The origin of the just war tradition is rooted in Augustine (AD 354-430), moves into the medieval period with the Catholic monks Gratian (“the father of canon law”) and Thomas Aquinas, then into the Reformation period with the stalwart reformers, Martin Luther and John Calvin.  Luther was the first major figure in the just war tradition to denounce religious inspired warfare.  While up to this point the just war arguments were largely rooted in Scripture and addressed to man in the context of sin and salvation, a shift in emphasis toward natural law took place with Franciso de Vitoria (1492-1546), Franciso Suarez (1548-1617), and Hugo Grotius (1583-1645).  John Locke (1632-1704) likewise relied on natural law but extended it to include “a distinctly secular set of goods: political liberty, the right to property, and the hope of material progress” (Charles and Corey 2018).

A thorough treatment of the Christian tradition of just war according to Augustine and Aquinas, which he refers to as “virtue-ethical criteria” in contradistinction to the modern just war theories which tend to focus more on the ease of application of in bello principles, is provided by Nico Vorster (2015).  His research leads him to conclude with nine principles.  I have simplified Vorster’s list by removing repetitions and combining closely related principles, reducing it to 6 principles.

Last resort.  A shared humanity, benevolence, and the brutality of war require that war be declared “as a last resort after all other peaceful remedies such as negotiation, mediation, arbitration and recourse to international tribunals have been sought” (Vorster 2015).  Charles and Corey note that this is not to be taken too strictly, otherwise one would quickly find themselves in a position of ad infinitum; for there is virtually always something else that could be tried or tried once again (2018).

Just cause.  In reference to Aquinas, there must have been some wrong committed worthy of a war being waged.  Pride, glory, or economic gains are not just reasons for waging war.  As Augustine put it in City of God, “For it is the injustice of the opposing side that lays on the wise man the duty of waging wars” (2003).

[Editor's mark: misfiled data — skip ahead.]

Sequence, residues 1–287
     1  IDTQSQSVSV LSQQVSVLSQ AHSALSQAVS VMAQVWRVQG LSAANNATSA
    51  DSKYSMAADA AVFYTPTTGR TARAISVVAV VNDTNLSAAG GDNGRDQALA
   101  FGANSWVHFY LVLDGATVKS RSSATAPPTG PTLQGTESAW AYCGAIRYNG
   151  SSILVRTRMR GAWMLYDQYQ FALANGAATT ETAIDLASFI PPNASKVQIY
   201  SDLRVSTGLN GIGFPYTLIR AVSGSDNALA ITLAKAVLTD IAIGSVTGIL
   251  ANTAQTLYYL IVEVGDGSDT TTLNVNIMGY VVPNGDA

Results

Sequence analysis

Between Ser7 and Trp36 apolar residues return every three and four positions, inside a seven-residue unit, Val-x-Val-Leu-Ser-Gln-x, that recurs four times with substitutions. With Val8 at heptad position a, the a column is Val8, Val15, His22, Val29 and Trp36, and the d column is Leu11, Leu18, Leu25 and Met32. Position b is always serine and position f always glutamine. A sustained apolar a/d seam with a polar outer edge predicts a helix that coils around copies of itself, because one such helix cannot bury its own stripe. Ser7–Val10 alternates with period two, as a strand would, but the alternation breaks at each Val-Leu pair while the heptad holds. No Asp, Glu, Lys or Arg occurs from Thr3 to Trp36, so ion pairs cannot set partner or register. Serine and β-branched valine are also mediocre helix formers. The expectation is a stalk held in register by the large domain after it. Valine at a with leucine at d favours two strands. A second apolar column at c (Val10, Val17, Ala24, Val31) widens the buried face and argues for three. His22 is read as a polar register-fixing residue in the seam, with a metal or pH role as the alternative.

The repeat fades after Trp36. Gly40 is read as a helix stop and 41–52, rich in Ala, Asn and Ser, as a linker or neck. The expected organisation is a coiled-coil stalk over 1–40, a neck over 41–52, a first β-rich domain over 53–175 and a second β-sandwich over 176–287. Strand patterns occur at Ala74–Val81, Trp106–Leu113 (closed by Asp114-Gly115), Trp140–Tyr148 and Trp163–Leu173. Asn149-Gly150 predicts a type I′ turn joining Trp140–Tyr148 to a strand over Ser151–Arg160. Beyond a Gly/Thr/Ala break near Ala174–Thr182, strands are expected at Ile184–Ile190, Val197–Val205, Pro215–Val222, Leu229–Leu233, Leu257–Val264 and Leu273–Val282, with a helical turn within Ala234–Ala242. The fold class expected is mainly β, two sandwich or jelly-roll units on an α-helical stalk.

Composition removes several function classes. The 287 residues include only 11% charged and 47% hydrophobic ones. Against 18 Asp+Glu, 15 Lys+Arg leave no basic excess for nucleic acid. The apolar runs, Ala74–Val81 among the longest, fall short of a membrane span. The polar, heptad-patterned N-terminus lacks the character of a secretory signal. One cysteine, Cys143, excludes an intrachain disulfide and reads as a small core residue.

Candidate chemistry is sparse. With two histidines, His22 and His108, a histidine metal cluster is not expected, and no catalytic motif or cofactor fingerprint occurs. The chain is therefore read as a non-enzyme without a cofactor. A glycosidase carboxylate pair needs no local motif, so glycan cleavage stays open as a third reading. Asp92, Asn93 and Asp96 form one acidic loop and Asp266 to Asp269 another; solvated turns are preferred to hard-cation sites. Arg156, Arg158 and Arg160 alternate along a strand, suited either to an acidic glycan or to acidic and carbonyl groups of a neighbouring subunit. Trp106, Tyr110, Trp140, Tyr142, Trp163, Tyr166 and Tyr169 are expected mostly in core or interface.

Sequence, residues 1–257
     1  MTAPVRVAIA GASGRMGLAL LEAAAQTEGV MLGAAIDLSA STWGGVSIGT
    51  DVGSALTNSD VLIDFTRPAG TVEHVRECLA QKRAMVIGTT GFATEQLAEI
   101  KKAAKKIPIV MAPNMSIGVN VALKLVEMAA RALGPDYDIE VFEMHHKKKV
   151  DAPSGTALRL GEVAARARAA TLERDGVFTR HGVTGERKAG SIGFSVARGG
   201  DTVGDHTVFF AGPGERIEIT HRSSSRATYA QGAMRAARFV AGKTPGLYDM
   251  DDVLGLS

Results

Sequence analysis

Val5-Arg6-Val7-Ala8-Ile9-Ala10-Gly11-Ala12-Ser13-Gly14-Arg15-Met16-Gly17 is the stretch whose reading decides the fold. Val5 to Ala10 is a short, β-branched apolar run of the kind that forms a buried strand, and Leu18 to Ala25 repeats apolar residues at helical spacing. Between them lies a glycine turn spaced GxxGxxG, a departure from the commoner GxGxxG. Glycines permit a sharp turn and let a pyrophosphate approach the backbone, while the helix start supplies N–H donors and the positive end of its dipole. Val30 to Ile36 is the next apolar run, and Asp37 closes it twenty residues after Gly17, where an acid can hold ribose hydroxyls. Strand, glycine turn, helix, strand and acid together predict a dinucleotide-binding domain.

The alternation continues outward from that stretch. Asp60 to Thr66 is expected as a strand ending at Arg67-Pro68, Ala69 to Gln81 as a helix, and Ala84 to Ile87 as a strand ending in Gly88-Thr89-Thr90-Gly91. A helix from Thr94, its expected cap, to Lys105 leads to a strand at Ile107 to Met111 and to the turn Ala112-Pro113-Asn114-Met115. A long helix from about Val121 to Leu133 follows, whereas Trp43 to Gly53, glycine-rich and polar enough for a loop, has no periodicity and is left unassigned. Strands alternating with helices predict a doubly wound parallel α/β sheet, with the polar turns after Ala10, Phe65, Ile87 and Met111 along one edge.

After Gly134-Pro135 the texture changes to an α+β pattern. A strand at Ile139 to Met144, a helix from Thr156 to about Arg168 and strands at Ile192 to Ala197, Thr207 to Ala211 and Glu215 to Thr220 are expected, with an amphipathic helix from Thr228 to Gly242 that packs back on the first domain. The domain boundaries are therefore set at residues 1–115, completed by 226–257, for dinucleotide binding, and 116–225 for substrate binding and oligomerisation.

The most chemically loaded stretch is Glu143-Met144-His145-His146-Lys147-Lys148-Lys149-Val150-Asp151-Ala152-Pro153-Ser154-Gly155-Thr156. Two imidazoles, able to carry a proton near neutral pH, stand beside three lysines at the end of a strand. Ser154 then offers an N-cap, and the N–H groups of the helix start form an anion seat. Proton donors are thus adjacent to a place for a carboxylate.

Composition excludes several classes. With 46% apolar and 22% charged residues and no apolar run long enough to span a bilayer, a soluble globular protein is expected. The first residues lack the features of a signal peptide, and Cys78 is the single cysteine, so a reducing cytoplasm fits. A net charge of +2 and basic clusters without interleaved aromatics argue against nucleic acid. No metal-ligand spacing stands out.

Legitimate authority.  The principle of legitimate authority can be found in the classic text on government in the Bible, Romans 13, wherein the apostle Paul tells us that “the governing authorities” are “established by God” and they bear “the sword” as “an avenger who brings wrath on the one who practices evil” (NASB ’95).  In other words, the sword is not placed in all hands, but in the hands of a particular institution.

Pre-emptive, not preventive.  Based on Augustine’s treatment of this subject, Vorster defines the difference between pre-emptive and preventive killing as follows: “preventive killing constitutes an anticipatory form of self-defence against an act that may or may not happen, while pre-emptive self-defence occurs when a person’s life is imminently in danger.”  In the case of preventive killing, a greater evil is enacted in order to prevent a counterfactual.  Augustine used an illustration demonstrating a greater evil (murder) to prevent a lesser evil (beating).  The reverse is true in the case of pre-emptive killing, thereby making it a just enactment.  Along these lines, Luther remarked that “where an injustice cannot be punished without a greater injustice, [a ruler] should not insist on his rights, however just his cause” (Charles and Corey 2018).

Peace and order as its goal, or a proper intention.  War may be fierce and chaotic, but it’s ultimate goal should be the restoration of peace, justice, and order in society.  Codevilla (2014) communicates that a nation who does not have peace and order as its just end for war will not peace, and will therefore be in a perpetual state of (unjust) war, resulting in the unnecessary destruction of lives.  Augustine believed that being a peacemaker sometimes means engaging in fighting, for “war is waged in order to attain peace; [and] through your victory you might bring those whom you defeat to the advantages of peace” (Charles and Corey 2018).

Proportionality and Discrimination.  We may think of this principle as being against over-kill.  More damage does not need to be inflicted than is necessary for the achievement of the war’s just end.  This point is closely related to discriminating against combatants and non-combatants (or civilians).  “Separating the innocent from the guilty is the object of judgment, the intention that defines it” (O’Donovan 2003).  Speaking for the whole of the just war tradition, Grotius notes the error in conceiving the enemy as a single body.  C. S. Lewis also expressed disagreement with the lack of concern for this principle exhibited at the bombing of Hiroshima (Ibid.).  In short, war does not free us up to treat others, even our enemies, in an inhumane manner.

Charles and Corey (2018) note five principles of the just war tradition that fall under jus ad bellum: “1) legitimate authority, 2) just cause, 3) right intention, 4) likelihood of success and of doing more good than harm, and 5) last resort.”  The only one not contained in Vorster is the likelihood of success, although the point on doing more good than harm is contained in Vorster.


Augustine. 1972. City of God, trans. Bettenson, Henry. New York: Penguin Books

Charles, J. Daryl and David D. Corey. 2018. The Just War Tradition: An Introduction. Delaware: ISI Books.

Codevilla, Angelo M. 2014. To Make and Keep Peace Among Ourselves and with All Nations. California: Hoover Institution Press.

O’Donovan, Oliver. 2003. The Just War Revisited. United Kingdom: Cambridge University Press.

Vorster, Nico. 2015. “Just War and Virtue: Revisiting Augustine and Thomas Aquinas,” South African Journal of Philosophy, 24(1): 55-68.